July 2010

Slapping Our Heads Over 380s

Reader Schiffmann says we’re out of touch about the popularity of pocket pistols. Reader McGehee says he’ll stick with his Balmos, thank you very much. And more Mosquito bites.

Re "Smith Lover’s Quandary: Is One Of These

9mms Right for You?" April 2010

Your review of the SW1911 9mm Pro Series was dead on every area, but I do have two exceptions. I agree with your assessment on the look, feel, including grip size and weight, slide serrations, reliability, workmanship, etc. The trigger is marvelous. However, after 3000 rounds fired through mine (many from a rest), I have determined that the gun is not bullseye accurate (not even close). Additionally, the rear sight is a proprietary mount and the last time I called S&W they did not have an adjustable sight that would fit. I have not found any other company that makes a sight that will fit this gun.

This gun is eminently reliable. In more than 3000 (various) rounds, I have not had a single malfunction. The gun is accurate enough for defensive purposes, and the low-profile defensive sights are an asset. But if someone is planning on using this gun as a range gun or for bullseye work, they will be disappointed. You may be able to have it accurized, but there are other pistols out there that are much more accurate out of the box without that expense. Frankly, I would be surprised if, with the existing sights, one could keep it on the paper at 50 yards, contrary to the review.

—David Williams

Re "Wild Bunch Pistols: Colt 1918 Leads

The Pack, But At A Price!" May 2010

Great article. I would like to comment on these pistols from the perspective of a left-handed shooter. I’ve got some experience with the 1911. I’m retired from the Army, shoot Cowboy Action, Action 2 Gun and HeMan. Dominant hand control of the mag release and thumb safety is the most efficient way to work a 1911 against the clock; so my advice to any southpaw is to get an ambi thumb safety installed immediately. This will prevent them from developing awkward, fumbling habits that they’ll only have to unlearn once they see the advantages of an ambi. On the higher priced guns, Colt 1918 and Springfield Mil-Spec, I’d order the gun from the factory with the ambi on it. On the cheaper ones, I’d have my local gunshop do the work. Yeah I know, the authentic lines of the Colt might be ruined, but who cares? You’re the one who has to shoot it under pressure with everyone watching.

This will cost you a bit more, but take heart all ye of the wrong-handed society. There is some good news for you in this Wild Bunch game. The mandatory 1897 Winchester shotgun (or reproduction thereof) is definitely designed for us lefties. No feeding over the top as our deluded right handed pards do—just slap’em straight into that gaping hole of a receiver and keep shootin’!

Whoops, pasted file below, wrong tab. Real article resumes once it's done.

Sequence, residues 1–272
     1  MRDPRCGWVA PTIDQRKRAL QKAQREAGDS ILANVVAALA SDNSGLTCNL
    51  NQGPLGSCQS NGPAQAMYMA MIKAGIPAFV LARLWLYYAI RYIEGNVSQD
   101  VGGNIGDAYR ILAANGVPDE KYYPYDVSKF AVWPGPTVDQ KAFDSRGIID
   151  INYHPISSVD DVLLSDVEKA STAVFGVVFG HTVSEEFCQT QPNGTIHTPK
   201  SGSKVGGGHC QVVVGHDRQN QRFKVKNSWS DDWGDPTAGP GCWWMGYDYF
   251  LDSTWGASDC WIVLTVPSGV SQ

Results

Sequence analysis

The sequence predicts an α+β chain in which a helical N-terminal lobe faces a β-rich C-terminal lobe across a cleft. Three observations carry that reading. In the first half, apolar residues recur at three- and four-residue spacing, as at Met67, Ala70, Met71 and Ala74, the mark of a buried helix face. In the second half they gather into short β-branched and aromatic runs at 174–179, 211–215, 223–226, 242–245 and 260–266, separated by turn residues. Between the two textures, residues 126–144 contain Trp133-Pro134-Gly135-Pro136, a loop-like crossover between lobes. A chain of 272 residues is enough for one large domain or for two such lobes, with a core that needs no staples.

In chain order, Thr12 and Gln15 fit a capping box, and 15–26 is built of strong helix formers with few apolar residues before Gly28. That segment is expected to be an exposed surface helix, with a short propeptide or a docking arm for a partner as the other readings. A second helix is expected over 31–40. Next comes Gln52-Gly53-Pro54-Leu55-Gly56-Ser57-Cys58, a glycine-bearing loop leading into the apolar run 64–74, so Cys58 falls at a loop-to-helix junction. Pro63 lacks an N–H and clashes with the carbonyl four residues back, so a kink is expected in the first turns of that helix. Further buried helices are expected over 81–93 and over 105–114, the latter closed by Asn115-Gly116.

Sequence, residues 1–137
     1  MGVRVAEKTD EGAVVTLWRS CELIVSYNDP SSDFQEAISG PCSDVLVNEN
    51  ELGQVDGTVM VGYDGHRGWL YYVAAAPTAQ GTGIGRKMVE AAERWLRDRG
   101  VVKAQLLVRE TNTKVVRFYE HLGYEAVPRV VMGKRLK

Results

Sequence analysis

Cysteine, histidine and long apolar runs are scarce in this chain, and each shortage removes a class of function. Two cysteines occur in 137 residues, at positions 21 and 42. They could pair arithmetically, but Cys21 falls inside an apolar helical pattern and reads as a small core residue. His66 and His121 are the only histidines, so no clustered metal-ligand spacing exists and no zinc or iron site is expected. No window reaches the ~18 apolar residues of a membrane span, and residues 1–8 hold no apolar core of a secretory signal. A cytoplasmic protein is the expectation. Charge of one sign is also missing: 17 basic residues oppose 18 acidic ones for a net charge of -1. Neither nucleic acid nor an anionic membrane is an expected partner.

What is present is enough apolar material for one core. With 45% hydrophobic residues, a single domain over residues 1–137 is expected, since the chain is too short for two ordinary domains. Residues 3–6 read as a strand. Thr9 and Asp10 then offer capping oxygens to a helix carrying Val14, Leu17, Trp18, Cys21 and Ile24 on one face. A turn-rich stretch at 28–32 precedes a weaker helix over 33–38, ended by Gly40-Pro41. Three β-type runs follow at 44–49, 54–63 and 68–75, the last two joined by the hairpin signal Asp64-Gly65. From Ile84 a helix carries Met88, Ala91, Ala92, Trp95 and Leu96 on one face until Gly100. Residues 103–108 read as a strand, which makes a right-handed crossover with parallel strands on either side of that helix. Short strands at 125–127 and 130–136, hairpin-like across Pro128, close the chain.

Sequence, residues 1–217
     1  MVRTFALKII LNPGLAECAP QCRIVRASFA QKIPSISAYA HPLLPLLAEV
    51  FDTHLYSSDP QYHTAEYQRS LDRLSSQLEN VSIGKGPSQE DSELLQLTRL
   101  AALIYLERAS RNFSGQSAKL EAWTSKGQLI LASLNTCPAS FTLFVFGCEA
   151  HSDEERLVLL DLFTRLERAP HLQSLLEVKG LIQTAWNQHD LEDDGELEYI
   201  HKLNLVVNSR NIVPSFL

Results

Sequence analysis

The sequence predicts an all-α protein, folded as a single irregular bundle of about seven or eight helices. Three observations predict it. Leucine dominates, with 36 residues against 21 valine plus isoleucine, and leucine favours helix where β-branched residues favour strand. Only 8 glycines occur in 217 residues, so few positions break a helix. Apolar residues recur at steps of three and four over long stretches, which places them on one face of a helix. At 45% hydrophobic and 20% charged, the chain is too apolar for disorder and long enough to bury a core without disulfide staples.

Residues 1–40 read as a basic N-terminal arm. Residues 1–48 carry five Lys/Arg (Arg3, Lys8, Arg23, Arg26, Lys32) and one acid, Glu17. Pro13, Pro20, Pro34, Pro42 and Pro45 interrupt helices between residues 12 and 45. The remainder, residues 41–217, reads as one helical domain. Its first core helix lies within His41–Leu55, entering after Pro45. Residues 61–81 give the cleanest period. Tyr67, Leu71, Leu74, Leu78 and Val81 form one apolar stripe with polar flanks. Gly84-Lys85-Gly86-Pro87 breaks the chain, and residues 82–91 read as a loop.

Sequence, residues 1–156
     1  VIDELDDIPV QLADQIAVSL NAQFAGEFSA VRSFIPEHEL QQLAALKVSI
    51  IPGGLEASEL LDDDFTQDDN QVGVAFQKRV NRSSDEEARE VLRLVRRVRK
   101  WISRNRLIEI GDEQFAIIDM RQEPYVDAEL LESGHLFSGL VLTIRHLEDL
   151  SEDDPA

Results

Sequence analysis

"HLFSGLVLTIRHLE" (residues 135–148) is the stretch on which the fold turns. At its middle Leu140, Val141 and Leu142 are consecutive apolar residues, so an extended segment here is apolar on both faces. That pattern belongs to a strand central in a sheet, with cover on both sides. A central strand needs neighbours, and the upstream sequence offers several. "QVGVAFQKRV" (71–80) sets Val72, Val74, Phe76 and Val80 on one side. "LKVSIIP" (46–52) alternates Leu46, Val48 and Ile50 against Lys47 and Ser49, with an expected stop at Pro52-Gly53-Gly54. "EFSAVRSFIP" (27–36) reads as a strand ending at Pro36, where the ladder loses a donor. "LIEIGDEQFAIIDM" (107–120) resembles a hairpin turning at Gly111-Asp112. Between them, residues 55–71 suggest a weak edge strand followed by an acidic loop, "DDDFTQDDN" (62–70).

—Rottenbelly
Oldsmar, Florida

Huh?...Say what! I was shocked to read in the Value Guide that your team regarded Ballester Molina 45 ACP pistols as guns that don’t work. Did I read that correctly? Would they like to shoot my matching pair of refinished Balmo’s that feed any ammo made in 45 ACP, shooting tight groups with one eye closed. As my ole pappy used to say, "Better lick that calf over, son!"

—Rodney McGehee
Bogalusa, Louisiana

Re "Firing Line," June 2010

Just read the article submitted by P.C. Howard of Texas and can’t let it go without a comment. P.C. indicated that he met Jimmy Clark and received a group tightener from him in the form of 90 proof and smooth. He said it helped to relax him during the matches. This is bad commentary. There are way too many impressionable people who may read this and think it is a good idea to try. Unfortunately, there are people who don’t think before doing and will try to mix the group tightener with gunpowder. Bad, bad, bad. Now, I’m not a prude and I do enjoy my sour mash and water, but I don’t use/enjoy it together with any lethal weapon, pistol, car, or angry wife.

—C H Weems
New Waverly, Texas

Just read the letter from Mr. John Jackson of Tampa. Being a 63-year-old Viet Nam vet, I have to agree with all of his observations. I also hope you have many years left, John.

—M.J. Gruff
Tamarac, Florida

Like Mr. Jackson, I too have all the guns I want (maybe a Webley 455 Auto would be interesting), but I sure wouldn’t abandon my Gun Tests subscription for that reason. The cost of the publication is worth the good reading, especially when some of the guns get ripped for malfunctioning, etc. Also, not having to put up with the kiss-butt writers who pander to the advertisers. All good, no bad. And thank God you don’t test off-road vehicles!

—Greg Fischer
Allentown, NJ

"22 LR Semiauto Shootout: ISSC, Sig Sauer,

and Walther," May 2010

Unfortunately, I own a Sig Mosquito and have sent it back to Sig Sauer twice for FTF problems. They claim it fires just fine for them. Now I read that it was given an F grade, and a premature detonation occurred during testing. I have no confidence in this weapon. Please give me some guidance regarding resolution of this problem.

—Bonnie Bassetti

Return it to the retailer and ask for your money back, or exchange the Mosquito for another gun. —Todd Woodard

Since I purchased a Walther P22 last year, I was very interested in your article. I always value your opinions and comparison tests, and have used them to help in several purchases. I purchased the P22 as a training pistol for young family members, as well as a fun plinking gun, but have been very disappointed in it on both accounts. I agree with most of your findings in the article: the P22 is comfortable to hold and shoot, due to the adjustable grips; I also dislike the re-assembly procedure and have flung that spring across the room. I don’t mind the magazine release, because I do not view this pistol as a training complement to my larger caliber pistols.

My main gripe with the P22 is its consistent failure to fire. I attempted to give it a break-in period, but after the first ten rounds, could not get it to fire any brand of ammo (no firing pin mark on the rounds), so it went back to S&W for repair. They adjusted it and returned it promptly, so I started again to break it in, with the same results after just a few rounds. It has been back to S&W five times now, with their comment that they find no further problems with it and it is within their specs. I have tried CCI, Federal, Winchester, UMC and Blazer ammo, and still have it eventually fail to fire, although it does fire the CCI’s a little better than other brands. It has probably cycled 250 rounds with no sign of settling in.